Thomas then went immediately to the owner, and after some further attempts on her part to raise the price from a thousand pounds to a thousand guineas had met with no success, he drew up a ‘Memorandum of the Bargain’, signed by all present, by which the purchase money was to be paid in the following March - £600 on mortgage, and £400 in ready money. ‘And now’, concluded Thomas, ‘that thou has conquered bear they victory mildly, the Rector and thee are to be neighbours, let not your Becoming so be a subject of contention.’


When Wordsworth read this letter, he was naturally a good deal embarrassed. It was not the fact of being under an obligation to Lord Lowther that distressed him. It was his doctrine of ‘frugality’. The place was worth £800; it was not worth £1,000. ‘Strange it is that Wilkinson could not perceive that, if I was unwilling to pay an exorbitant price out of my own money, I should be still more unwilling to pay it out of another’s, especially of a person who has shown to me so much kindness, treated me with such respectful delicacy, and given such striking proof of his desire to apply his property to beneficent purposes.’ A man of letters, he said, ought to be ‘severely frugal’ both with his own money and with that of others. Had the place been one where he had long lived and with which he had ‘connected many interesting feelings’, he might not have been unwilling to accept his Lordship’s kind assistance. But the Broad How estate ‘had little to recommend it but its own beauty’, and ‘Providence has dealt so kindly with this country that this is little distinction’. Besides, he was not determined to build on it.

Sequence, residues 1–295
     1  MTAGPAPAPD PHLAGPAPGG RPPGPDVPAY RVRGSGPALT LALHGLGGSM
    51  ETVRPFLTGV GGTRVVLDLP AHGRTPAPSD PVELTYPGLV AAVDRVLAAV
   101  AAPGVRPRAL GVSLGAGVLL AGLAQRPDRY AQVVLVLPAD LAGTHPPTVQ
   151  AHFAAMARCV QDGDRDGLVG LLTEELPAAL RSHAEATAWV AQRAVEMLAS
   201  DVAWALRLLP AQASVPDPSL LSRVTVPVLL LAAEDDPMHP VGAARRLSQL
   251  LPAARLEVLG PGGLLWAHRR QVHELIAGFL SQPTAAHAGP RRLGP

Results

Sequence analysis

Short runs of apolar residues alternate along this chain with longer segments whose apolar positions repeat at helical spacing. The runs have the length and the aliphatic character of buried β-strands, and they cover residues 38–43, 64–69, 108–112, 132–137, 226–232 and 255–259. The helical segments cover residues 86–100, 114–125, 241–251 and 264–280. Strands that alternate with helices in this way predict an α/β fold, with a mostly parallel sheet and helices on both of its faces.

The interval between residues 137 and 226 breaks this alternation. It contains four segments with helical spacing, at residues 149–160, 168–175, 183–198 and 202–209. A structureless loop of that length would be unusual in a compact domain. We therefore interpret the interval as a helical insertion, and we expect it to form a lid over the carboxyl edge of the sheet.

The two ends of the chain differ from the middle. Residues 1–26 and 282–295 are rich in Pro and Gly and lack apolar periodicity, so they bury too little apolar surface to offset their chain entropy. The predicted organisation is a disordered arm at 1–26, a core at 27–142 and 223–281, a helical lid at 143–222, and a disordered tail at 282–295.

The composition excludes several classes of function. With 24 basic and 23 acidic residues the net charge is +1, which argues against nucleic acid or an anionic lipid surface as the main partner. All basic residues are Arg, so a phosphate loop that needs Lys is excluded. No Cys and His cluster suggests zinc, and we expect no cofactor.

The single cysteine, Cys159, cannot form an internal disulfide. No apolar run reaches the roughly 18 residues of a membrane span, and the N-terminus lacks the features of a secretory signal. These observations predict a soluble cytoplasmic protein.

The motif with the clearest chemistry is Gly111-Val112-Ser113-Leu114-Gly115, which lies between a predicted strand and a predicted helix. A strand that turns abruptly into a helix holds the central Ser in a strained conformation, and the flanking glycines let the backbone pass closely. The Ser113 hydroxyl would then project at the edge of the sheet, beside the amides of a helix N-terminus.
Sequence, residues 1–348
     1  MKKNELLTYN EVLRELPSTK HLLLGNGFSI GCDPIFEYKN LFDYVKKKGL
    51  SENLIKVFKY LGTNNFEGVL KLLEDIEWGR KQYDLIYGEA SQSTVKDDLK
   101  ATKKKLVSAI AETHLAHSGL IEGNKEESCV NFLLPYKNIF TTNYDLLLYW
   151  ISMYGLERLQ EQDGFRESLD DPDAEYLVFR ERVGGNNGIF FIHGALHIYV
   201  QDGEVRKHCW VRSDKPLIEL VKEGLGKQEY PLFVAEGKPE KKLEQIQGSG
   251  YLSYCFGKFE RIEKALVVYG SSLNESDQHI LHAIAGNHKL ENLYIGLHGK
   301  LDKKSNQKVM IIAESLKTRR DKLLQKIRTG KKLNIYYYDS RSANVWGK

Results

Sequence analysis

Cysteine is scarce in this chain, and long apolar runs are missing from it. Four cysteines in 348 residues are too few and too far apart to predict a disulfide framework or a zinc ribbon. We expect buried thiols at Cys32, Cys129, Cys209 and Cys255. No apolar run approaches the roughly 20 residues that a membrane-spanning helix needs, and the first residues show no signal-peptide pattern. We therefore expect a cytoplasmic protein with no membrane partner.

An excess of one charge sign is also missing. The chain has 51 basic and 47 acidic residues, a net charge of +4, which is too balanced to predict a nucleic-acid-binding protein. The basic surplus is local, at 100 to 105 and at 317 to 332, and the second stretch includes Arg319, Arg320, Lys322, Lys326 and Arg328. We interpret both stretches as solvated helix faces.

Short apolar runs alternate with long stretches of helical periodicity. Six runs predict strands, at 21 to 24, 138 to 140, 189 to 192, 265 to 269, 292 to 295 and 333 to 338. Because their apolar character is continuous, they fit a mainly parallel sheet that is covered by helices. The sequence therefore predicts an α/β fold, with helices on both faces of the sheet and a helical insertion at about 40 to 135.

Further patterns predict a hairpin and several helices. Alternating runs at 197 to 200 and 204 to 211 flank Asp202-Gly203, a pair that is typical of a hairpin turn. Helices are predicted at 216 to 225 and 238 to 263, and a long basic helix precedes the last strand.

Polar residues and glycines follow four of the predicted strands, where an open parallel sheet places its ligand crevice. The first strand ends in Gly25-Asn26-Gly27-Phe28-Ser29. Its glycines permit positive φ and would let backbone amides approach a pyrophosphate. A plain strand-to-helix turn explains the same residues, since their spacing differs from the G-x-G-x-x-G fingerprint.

However, there was nothing to be done; the estate had been bought, and it belonged to Wordsworth until 1834 when he sold it to the innkeeper at Patterdale. He never built on it.’ 

Dorothy Wordsworth’s journal for November 1805, during the visit to stay with the Luffs mentioned by Mary Mooreman, mentions the occasion when Wordsworth first saw the site of Broad How. Dorothy also refers to the yew tree which is still at the back of the garden (the large tree at the top of the steps opposite the back kitchen door).


'Thursday, 9th November ...… After dinner we walked with Mrs Luff up the vale; I had never had an idea of the extent and width of it, in passing through along the road, on the other side. We walked along the path which leads from house to house; two or three times it took us through some of those copses or groves that cover every little hillock in the middle of the lower part of the vale, making an intricate and beautiful intermixture of lawn and woodland. We left William to prolong his walk, and when he came into the house he told us that he had pitched upon the spot where he should like to build a house better than in any other he had ever yet seen. Mrs Luff went with him by moonlight to view it. The vale looked as if it were filled with white light when the moon had climbed up to the middle of the sky; but long before we could see her face a while all the eastern hills were in black shade, those on the opposite side were almost as bright as snow. Mrs Luff’s large white dog lay in the moonshine upon the round knoll under the old yew-tree, a beautiful and romantic image – the dark tree with its dark shadow, and the elegant creature as fair as a spirit.'